Shank Admiration

Shank Admiration

Written by Marilyn Hawkes Category: Three Bites Issue: January 2017
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The Blind Pig
3370 N. Hayden Rd., Scottsdale
“When pigs fly” is one of the English language’s all-time great tropes, but is it obsolete now that we’ve discovered pigs have wings? Made from pork shanks – à la osso bucco – “pig wings” consist of a single bone surrounded by lean, tender meat. They’re reminiscent of spare ribs in flavor and texture, but prepared in the manner of chicken wings. At The Blind Pig in Scottsdale, chef/co-owner Jim Molinari deep-fries his pig wings ($8, pictured) then tosses them in a sweet and smoky chipotle barbecue sauce. Finally, he chars the plump shanks on the grill to achieve a crispy exterior around a succulent, meaty interior. Molinari serves the wings with a house-made creamy jalapeño ranch dipping sauce laced with poblano peppers and fresh cilantro alongside a mélange of pickled vegetables. The beauty of pig wings? “You don’t have to eat them with a fork and knife,” Molinari says.

SoSoBa: The Nonstop Noodle Shop
214 W. Roosevelt St., Phoenix
Even though SoSoBa is primarily a ramen shop, they rock some memorable sharing plates, including cherry yazhi pork wings ($12). Chef Nick “Panda” Clark dips the precooked shanks in rice flour, then deep-fries the meaty morsels to achieve a crunchy coating. Next, he bathes the pork in a rich cherry sauce fashioned from puréed sweet amarena cherries mixed with salty soy and teriyaki lit up with ghost peppers. He rests the shanks on a puffy bed of deep-fried rice noodles seasoned with togarashi, a Japanese spice mixture heavy on dried chile pepper and orange peel, and garnishes the whole affair with scallions, chopped peanuts and sesame seeds.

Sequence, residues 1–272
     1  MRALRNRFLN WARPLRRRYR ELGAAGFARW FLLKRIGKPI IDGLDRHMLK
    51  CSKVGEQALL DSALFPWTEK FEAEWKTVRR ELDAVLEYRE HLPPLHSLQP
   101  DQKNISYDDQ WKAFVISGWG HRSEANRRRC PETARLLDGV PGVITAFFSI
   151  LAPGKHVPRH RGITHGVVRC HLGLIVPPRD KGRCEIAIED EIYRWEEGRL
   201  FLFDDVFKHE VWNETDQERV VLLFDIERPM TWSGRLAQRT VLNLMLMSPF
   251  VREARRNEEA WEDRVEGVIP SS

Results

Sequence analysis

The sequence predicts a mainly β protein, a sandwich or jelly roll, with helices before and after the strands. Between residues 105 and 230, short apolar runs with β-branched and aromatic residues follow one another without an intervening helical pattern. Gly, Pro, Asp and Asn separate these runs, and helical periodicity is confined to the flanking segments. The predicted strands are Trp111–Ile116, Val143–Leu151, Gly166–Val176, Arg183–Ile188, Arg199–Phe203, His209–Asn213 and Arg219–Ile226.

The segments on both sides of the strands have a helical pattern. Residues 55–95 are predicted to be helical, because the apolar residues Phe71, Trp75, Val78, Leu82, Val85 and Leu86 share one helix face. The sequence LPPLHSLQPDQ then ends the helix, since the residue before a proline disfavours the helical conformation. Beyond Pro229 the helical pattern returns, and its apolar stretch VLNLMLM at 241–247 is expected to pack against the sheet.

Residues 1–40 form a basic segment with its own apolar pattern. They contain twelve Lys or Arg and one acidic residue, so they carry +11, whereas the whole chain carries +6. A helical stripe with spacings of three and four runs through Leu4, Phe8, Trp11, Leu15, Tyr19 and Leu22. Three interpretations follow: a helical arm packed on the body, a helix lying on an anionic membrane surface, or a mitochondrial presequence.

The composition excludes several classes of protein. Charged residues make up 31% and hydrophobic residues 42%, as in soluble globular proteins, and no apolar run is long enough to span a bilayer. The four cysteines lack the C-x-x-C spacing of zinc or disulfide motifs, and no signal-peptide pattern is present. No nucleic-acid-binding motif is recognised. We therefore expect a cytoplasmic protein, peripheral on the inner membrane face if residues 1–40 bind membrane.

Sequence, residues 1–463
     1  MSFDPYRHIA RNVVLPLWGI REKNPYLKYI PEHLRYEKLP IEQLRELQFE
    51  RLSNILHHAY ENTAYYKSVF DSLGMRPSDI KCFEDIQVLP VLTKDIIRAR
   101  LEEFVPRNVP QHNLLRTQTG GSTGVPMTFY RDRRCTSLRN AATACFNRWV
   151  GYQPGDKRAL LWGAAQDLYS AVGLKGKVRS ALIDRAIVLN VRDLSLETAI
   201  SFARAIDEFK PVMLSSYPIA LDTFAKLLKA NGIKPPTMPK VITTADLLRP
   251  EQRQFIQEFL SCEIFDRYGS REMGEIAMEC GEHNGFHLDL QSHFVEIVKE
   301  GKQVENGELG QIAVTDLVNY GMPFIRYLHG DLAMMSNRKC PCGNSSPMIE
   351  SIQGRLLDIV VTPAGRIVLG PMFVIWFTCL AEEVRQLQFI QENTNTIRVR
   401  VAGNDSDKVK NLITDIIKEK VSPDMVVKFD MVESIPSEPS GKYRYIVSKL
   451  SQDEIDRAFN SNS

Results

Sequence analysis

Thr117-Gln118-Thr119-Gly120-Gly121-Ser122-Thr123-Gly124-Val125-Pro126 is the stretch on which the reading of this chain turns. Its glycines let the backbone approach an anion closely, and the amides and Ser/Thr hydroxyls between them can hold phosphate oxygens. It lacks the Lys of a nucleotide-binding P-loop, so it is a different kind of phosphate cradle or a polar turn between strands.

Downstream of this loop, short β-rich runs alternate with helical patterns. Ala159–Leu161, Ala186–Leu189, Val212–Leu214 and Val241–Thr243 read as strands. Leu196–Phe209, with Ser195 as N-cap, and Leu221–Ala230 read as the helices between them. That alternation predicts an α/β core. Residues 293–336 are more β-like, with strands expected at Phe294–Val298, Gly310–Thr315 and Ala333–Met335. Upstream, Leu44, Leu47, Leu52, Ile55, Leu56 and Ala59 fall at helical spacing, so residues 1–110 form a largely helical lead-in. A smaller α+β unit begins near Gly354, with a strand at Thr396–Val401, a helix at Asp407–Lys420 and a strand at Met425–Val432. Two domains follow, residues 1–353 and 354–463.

O.H.S.O. Brewery + Distillery
Three Valley locations
O.H.S.O’s corporate chef Anthony Garcia put pork wings ($14) on the menu as an alternative to ubiquitous chicken wings and serves up a respectable full pound suitable for sharing. Garcia covers the shanks with a dry rub of brown sugar and spices, slow-roasts them for four hours until they’re fall-apart tender and finishes them with a dunk in the deep-fryer. “It’s like eating a piece of crispy bacon,” he says. For dipping, Garcia offers a Pacific island barbecue sauce with sweet and spicy notes, brightened with orange and lemon juices and fresh ginger. They harbor as much or more flavor than their winged poultry cousins, but without the obligatory plate of spent bones and pile of napkins. “These are nice and easy,” Garcia says.

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